Bird flue- New findings in the offing
LONDON, Mar 22: Scientists today said they may have uncovered why the H5N1 avian flu that is so lethal in birds has not been able to spread easily among humans.
It is because bird flu viruses attach to receptors, or molecules on cells, in different regions of the respiratory system from human influenza viruses.
Receptors act like doorways that allow the virus to enter the cell, multiply and infect other cells. Humans have receptors for avian viruses, including H5N1, but they are found deep within the lungs.
Cells in the upper airway in humans lack the receptors targeted by avian flu viruses, which limit their ability to spread from person to person.
''For the viruses to be transmitted efficiently, they have to multiply in the upper portion of the respiratory system so that they can be transmitted by coughing and sneezing,'' said Dr Yoshihiro Kawaoka, a virologist at the University of Wisconsin-Madison, who led the research team.
The H5N1 bird flu virus has killed 103 people and infected 184 since late 2003. People infected with the virus, which has spread from Asia to Europe, the West Asia and Africa, have had close contact with diseased birds.
Scientists fear the virus could mutate into a pandemic strain that could become highly infectious and capable of killing many millions of people.
''Our findings provide a rational explanation for why H5N1 viruses rarely infect and spread from human to human, although they can replicate efficiently in the lungs,'' Kawaoka and his team said in a report in the journal Nature.
Professor John Oxford, a virologist at St Bartholomew's and the Royal London Hospital, Queen Mary's School of Medicine and Dentistry in London, said the research provides a reasonable explanation for the small number of human cases.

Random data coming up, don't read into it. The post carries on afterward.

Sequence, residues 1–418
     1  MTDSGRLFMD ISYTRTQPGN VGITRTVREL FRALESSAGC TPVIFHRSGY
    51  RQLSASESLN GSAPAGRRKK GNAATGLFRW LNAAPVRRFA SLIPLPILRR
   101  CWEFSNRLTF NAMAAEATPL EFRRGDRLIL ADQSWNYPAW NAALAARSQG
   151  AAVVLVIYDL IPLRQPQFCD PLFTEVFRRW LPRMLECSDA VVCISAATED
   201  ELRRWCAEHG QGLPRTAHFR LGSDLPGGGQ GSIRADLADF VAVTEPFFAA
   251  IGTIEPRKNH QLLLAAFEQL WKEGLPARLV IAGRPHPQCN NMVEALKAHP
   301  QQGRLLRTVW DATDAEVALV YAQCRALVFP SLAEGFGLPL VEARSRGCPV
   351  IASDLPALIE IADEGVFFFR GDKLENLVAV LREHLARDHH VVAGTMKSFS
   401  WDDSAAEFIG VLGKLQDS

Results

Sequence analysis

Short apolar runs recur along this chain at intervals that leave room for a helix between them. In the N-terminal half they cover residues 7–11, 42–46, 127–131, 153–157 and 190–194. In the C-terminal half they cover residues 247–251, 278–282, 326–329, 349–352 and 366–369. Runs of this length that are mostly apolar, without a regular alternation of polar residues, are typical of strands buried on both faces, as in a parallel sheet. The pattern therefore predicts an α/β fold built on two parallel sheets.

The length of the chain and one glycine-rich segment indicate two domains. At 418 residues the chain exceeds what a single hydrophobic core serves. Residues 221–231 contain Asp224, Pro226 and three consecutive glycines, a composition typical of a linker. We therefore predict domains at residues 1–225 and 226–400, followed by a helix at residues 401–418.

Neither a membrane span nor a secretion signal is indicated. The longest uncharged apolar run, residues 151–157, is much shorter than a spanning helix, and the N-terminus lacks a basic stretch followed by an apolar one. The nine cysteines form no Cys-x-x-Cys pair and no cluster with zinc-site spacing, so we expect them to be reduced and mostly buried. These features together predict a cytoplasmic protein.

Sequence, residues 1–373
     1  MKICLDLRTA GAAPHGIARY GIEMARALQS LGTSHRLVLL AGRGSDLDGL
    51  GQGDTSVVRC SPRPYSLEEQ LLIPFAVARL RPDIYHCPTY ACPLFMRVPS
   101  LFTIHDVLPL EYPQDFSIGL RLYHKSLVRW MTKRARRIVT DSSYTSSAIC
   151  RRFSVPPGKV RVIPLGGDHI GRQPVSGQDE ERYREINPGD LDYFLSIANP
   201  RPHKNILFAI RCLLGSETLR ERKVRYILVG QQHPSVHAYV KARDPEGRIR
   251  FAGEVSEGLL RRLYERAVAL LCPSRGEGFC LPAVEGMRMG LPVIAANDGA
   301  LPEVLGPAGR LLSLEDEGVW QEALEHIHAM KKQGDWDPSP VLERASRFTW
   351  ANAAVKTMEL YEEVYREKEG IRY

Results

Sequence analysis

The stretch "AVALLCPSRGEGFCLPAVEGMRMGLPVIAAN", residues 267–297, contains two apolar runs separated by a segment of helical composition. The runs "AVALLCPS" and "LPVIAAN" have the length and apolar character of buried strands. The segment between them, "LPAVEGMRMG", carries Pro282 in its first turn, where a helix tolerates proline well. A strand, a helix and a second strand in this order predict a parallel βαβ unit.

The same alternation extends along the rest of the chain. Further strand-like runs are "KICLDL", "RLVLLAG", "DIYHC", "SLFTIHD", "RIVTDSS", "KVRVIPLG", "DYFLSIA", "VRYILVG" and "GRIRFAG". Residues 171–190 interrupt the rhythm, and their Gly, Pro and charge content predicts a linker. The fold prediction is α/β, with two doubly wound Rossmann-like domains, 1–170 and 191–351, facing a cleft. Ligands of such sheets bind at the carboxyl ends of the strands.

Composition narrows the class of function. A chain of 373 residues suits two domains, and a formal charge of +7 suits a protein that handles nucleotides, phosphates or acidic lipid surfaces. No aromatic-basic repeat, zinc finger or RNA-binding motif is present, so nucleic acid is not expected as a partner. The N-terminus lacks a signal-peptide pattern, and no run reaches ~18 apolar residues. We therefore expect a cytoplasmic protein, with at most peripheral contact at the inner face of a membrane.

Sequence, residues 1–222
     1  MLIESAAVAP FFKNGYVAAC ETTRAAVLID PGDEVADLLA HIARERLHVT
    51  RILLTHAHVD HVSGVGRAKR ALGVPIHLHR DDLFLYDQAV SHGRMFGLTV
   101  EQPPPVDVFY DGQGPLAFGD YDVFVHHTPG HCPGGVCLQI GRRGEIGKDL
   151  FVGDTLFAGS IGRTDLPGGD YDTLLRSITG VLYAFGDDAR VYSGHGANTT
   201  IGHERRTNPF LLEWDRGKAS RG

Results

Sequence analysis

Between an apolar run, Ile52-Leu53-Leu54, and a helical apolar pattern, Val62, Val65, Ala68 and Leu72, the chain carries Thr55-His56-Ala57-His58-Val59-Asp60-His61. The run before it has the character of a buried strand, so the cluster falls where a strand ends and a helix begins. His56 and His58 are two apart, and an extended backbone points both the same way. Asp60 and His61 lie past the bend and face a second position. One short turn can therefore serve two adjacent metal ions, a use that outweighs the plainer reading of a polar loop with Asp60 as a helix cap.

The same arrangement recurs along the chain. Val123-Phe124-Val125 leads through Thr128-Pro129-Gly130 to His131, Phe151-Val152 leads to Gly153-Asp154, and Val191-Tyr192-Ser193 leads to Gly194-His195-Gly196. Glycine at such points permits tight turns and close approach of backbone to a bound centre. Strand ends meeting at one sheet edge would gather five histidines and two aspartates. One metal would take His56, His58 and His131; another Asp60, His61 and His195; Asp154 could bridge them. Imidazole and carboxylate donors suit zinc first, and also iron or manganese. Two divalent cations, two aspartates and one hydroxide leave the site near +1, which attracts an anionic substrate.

''This gives some meaning to the great conundrum at the moment, the fortunate conundrum of why this virus is not going from human to human,'' Oxford said in an interview ''It looks like a deep scientific study into that and we need more of those studies.'' Kawaoka and a team of researchers in Japan infected human tissue with bird flu viruses. Their findings suggest that strains of H5N1 circulating in birds would have to undergo several key genetic changes to become easily transmissible in humans.
''The virus has to mutate to recognise human virus receptors which are in the throat,'' Kawaoka told Reuters.
''Certainly, multiple mutations need to be accumulated for the H5N1 virus to become a pandemic strain.'' Scientists do not know how far the H5N1 has mutated to become a pandemic strain but Kawaoka's findings show the importance of looking for changes in virus recognition of human receptors.
The changes or mutations must occur in the hemagglutinin protein, the ''H'' in the virus designation, for avian H5N1 viruses to recognise human receptors, according to the researchers.
''Identification of H5N1 viruses with the ability to recognise human receptors would bring us one step closer to a pandemic strain,'' Kawaoka added.